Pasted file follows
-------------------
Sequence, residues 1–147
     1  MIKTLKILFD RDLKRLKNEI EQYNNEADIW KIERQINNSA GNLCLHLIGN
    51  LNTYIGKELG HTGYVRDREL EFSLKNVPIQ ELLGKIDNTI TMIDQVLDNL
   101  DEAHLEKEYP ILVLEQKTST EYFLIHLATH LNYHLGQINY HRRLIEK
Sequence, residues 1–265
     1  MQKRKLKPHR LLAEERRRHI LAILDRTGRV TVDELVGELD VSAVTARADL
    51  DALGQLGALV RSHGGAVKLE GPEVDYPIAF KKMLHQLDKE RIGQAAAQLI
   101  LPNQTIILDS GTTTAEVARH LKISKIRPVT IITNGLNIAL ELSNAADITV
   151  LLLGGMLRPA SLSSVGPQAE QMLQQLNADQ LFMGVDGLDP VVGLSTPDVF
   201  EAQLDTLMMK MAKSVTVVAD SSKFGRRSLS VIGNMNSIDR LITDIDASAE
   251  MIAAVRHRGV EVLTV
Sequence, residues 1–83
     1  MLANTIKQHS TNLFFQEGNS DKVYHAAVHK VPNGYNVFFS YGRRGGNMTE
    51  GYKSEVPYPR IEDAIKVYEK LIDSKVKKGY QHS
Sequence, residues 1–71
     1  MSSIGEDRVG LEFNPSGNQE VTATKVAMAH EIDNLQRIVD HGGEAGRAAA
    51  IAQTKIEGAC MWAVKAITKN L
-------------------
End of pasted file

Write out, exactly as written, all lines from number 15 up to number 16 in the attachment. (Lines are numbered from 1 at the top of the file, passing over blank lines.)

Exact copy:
Sequence, residues 1–71
     1  MSSIGEDRVG LEFNPSGNQE VTATKVAMAH EIDNLQRIVD HGGEAGRAAA